BAGHDAD -- Insurgents struck Baghdad with at least a dozen attacks that targeted Shi'ite Muslim civilians, Iraqi security forces, and American troops, killing more than 160 people yesterday in the deadliest day of violence in the capital since the US invasion.
US military officials said the daylong waves of suicide bombings, rocket attacks, and shootings across the city bore the hallmarks of Al Qaeda in Iraq, the radical Sunni Muslim insurgent organization led by Abu Musab al-Zarqawi.
The group did not immediately assert direct responsibility for the attacks, but an Internet statement issued in its name welcomed the start of ''the revenge battles throughout the land of Mesopotamia."
The statement linked the attacks to a US and Iraqi offensive underway against insurgents in the northern city of Tal Afar, and a subsequent audio recording attributed to Zarqawi that was posted on the Internet accused the Shi'ite-led Iraqi government of having declared war on the Sunnis of Tal Afar. As a result, Al Qaeda in Iraq ''has decided to launch a comprehensive war on the Shi'ites all over Iraq, wherever and whenever they are found. This is revenge. . . . Take care, because we are not going to have mercy on you," the recording said, according to a translation by the SITE Institute, a group based in Washington that monitors radical websites.
The spasm of violence continued this morning. A suicide bomber drove his car into a convoy of police vehicles in Baghdad's southern Dora district, killing 16 officers and five civilians. Lieutenant Thair Mahmoud of the Rapid Response Unit said 21 people were injured in the blast, which destroyed three police vehicles.
The attacks appeared calculated to undermine public faith in the ability of the fledgling government to protect its people, by showing that insurgents can strike in Baghdad despite the US and Iraqi military efforts to stop them. Some of yesterday's attacks were carried out in ways that maximized death tolls.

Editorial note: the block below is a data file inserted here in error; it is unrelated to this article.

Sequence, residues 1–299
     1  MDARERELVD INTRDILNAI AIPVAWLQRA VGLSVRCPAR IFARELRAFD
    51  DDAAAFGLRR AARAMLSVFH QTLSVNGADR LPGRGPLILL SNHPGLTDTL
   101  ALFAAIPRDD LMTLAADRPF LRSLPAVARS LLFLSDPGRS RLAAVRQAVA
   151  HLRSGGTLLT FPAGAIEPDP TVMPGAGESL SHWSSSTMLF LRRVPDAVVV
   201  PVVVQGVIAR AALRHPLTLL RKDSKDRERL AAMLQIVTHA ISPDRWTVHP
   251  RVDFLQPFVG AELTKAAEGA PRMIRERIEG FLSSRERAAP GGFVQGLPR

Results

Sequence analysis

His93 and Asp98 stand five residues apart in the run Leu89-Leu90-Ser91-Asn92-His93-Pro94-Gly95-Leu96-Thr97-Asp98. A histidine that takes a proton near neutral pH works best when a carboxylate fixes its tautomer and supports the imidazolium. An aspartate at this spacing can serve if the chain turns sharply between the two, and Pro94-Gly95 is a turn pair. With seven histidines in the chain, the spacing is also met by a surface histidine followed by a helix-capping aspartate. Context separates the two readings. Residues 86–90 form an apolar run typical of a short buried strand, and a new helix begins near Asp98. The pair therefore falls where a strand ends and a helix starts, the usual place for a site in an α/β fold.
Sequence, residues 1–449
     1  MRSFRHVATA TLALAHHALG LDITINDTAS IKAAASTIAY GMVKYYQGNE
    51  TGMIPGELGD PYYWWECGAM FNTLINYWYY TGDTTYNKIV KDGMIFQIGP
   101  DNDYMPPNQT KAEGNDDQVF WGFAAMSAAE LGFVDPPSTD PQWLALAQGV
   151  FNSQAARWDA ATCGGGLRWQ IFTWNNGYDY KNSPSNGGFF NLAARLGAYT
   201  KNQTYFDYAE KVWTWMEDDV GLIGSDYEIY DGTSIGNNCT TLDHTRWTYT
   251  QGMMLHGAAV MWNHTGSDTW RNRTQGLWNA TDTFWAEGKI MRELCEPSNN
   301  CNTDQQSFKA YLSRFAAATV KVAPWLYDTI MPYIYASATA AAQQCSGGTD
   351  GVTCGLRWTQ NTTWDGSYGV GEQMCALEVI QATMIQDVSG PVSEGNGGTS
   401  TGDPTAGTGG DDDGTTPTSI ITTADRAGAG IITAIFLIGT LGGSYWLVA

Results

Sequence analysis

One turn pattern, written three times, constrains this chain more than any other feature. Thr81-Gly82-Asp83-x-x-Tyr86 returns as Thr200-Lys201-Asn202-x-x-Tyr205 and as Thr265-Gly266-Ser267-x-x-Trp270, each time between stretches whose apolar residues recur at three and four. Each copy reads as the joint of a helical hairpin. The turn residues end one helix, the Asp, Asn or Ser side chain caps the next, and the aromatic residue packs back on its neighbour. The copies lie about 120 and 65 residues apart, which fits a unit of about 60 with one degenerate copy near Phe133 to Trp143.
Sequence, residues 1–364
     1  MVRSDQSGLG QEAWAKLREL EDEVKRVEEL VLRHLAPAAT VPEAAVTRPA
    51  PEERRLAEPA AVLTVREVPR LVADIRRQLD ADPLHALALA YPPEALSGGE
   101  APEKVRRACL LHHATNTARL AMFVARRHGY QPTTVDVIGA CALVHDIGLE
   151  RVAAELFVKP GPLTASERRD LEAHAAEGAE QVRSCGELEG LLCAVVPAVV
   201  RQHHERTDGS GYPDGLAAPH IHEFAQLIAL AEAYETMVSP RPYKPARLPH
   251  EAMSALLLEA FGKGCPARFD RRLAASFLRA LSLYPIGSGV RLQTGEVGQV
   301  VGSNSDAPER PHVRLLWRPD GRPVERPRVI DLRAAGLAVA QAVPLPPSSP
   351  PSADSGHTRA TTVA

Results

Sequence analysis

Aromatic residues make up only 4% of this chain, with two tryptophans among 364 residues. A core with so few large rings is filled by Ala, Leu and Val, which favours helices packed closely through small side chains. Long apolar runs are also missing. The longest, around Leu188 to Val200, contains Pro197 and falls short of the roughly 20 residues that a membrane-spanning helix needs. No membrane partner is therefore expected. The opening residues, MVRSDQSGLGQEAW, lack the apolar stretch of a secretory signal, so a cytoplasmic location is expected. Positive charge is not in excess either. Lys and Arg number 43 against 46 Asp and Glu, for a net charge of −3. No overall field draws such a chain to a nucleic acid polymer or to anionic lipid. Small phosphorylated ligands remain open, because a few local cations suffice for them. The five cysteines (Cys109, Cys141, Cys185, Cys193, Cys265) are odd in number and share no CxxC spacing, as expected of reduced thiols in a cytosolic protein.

In northwest Baghdad, a driver in the heavily Shi'ite neighborhood of Kazimiyah pulled up alongside a gathering point for day laborers and offered jobs, witnesses said. He waited until a crowd of workers had clustered around his four-door car, then detonated explosives packed inside, said 20-year-old Salim Hussein, who witnessed the attack.
The blast killed at least 112 people and wounded hundreds of others.
As burned, blackened victims filled the district hospital, a Shi'ite cleric patrolled the scene of the bombing in an ambulance, calling over the vehicle's loudspeaker for donations of blood. Men ran fingers down pages and pages of names of bombing victims posted outside the hospital, looking for loved ones.
''Why haven't they killed Saddam?" wailed a Shi'ite woman in black abaya as she walked away from the hospital.
Within an hour of the first attack, another driver smashed his car into two other vehicles at an intersection, then blew up his car in a fireball when a crowd gathered, police said. At least 15 people died, police Lieutenant Mustafa Majid said. ''I saw people's bodies flying in the air and thrown for yards," minibus-taxi driver Amer Salman said.
More attacks were mounted throughout the day, signaled by rattling booms, black smoke, and US military helicopters shuttling across the sky. Traffic on main roads shut down as police closed key routes. Rumors spread that more car bombers were roaming the city and that men wearing suicide belts were infiltrating hospitals.
The other attacks included two car bombings that killed a total of 26 people, one that targeted an Iraqi Army convoy and killed three soldiers, and two that hit US military convoys, US and Iraqi officials said. A US military spokesman, Lieutenant Colonel Steve Boylan, said he knew of three American troops wounded in the day's attacks and that none had been reported killed.
Separately, attackers opened fire on a car carrying Iraqi police officers, killing one, and then detonated a car bomb when other officers responded, killing four more people, police said. A separate rocket attack killed two civilians.
In Taji, a town just north of Baghdad, men wearing Iraqi security-force uniforms dragged 17 men out of their homes, then handcuffed, blindfolded, and shot them, news agencies reported.
A US military convoy came under intense attack in the late afternoon, first with a roadside bomb, and then with a car bomb, police said. A reporter watched as US forces traded gunfire with hidden assailants at the scene.
One of the final bombings of the day hit outside the Green Zone, the barricaded base of US officials and the Iraqi government. There was no immediate word on casualties.
The death toll made yesterday the deadliest day of insurgent violence in Baghdad since the United States and its allies invaded Iraq in March 2003. The deadliest day of insurgent violence nationwide was March 2, 2004, when at least 181 people were killed in mortar and bomb attacks on Shi'ite shrines in Karbala and Baghdad.
Material from Reuters was used in this report.